Title

Investigating the Links Between Early-life Seizures, Stress, and Behavior in a Larval Zebrafish Model

Date of Award

2018

Degree Type

Thesis

Degree Name

Master of Science in Biomedical Sciences

First Advisor

Jocelyn Lippman-Bell, PhD

Second Advisor

Heather Montie, PhD

Third Advisor

Denah Appelt, PhD

Fourth Advisor

Marcus Bell, PhD

Abstract

Seizures and stress in early life disrupt normal brain development and often lead to long-term behavioral and cognitive deficits. Here, we compare the long-term behavioral consequences of early-life seizures induced by the chemoconvulsant pentylenetetrazol (PTZ) and handling stress in two larval zebrafish models to determine which of these paradigms will replicate the long-term behavioral deficits observed in humans and in rodent models. The first model, referred to here as the 1-day model, replicates an established larval zebrafish seizure model in which seizures were induced at 7 days post-fertilization (dpf) for 40 mins using an 8mM PTZ solution (PTZ group). In a second model, the 3-day model, fish were exposed to 5mM for 40 mins once per day from 5-7 dpf. Handling control zebrafish (HC) were exposed to normal tank water. A third group remained undisturbed until experimentation (untouched controls, UC). We next assessed three behavioral outcome measures in each group: shoaling/sociability at 30 dpf, learning/memory at 30 and 60 dpf, and anxiety at 30 and 60 dpf. In the 3-day model, the HC fish, but not the PTZ fish, showed significantly less shoaling behavior than UC fish. All three groups showed similar levels of learning and memory, as assessed by a y-maze task. However, the HC group showed a significantly increased prevalence of freezing, and anxiety behavior compared to the UC or PTZ groups at 30 dpf in the 3-day model. Substantiated by the fact that HC fish but not PTZ fish differed from the UC fish, we hypothesize that the observed differences may be due to stress and not specifically to the seizures. Further, seizures may inhibit the normal development of stress-response pathways. To investigate molecular links to these changes, we analyzed cell death markers, acute and long-term stress pathways, and synaptic plasticity-related gene expression. We found no differences in cell death or long-term stress between any groups. However, HC fish displayed significantly stronger acute stress responses compared to both other groups, as measured by cortisol release. Further, both the HC and PTZ groups showed a large change in synaptic plasticity-related gene expression compared to UC group, but HC fish showed larger magnitude changes than the PTZ fish. Taken together, we conclude that behavioral changes following early-life stress are related to the development of heightened acute stress responses, but that the development of these responses in inhibited following early-life seizures.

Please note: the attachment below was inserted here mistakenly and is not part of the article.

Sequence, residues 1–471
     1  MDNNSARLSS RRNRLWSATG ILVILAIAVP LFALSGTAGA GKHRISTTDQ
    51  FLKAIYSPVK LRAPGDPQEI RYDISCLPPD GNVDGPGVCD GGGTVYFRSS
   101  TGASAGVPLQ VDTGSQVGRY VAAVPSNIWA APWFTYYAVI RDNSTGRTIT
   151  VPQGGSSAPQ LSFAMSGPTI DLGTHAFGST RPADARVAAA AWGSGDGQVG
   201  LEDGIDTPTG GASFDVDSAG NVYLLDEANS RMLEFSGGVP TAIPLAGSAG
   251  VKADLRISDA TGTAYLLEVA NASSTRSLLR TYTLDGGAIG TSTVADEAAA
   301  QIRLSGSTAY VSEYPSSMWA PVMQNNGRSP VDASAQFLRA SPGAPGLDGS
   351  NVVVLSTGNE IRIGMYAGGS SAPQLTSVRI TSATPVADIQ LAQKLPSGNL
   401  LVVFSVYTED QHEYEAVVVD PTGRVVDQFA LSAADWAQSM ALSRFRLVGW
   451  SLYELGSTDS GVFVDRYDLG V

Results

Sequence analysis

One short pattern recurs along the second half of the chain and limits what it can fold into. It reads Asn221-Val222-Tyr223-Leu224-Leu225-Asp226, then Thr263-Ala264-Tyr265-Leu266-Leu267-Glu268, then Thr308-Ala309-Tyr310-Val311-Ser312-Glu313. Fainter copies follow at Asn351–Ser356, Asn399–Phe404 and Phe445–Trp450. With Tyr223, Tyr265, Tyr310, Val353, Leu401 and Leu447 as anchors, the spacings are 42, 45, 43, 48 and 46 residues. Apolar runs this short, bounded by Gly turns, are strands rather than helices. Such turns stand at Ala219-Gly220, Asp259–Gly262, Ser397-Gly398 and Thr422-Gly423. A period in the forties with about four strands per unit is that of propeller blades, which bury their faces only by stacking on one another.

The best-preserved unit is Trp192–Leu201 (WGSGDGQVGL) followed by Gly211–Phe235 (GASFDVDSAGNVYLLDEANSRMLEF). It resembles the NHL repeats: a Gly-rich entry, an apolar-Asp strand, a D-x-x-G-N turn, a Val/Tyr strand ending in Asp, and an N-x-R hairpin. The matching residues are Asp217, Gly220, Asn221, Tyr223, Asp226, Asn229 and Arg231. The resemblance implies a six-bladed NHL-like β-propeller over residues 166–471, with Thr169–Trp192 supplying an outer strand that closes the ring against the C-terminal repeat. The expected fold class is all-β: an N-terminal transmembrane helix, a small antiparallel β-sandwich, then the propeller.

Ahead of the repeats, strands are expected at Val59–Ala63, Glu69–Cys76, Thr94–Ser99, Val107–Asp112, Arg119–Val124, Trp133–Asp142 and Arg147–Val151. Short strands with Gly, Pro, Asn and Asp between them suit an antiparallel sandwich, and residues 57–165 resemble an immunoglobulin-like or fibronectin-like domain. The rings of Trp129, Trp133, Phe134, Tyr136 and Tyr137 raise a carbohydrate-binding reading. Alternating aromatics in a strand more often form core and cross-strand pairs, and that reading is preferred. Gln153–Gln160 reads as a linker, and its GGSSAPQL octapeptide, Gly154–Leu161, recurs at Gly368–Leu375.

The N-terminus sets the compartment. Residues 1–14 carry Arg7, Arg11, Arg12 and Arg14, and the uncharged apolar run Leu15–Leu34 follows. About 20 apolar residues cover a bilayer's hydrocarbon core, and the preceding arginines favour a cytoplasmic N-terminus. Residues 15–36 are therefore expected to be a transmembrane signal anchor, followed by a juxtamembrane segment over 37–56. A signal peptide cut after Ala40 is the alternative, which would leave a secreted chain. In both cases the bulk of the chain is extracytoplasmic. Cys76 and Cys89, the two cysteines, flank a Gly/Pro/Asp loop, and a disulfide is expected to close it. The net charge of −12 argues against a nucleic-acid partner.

Comments

Full text will be posted on 8/21/2020.

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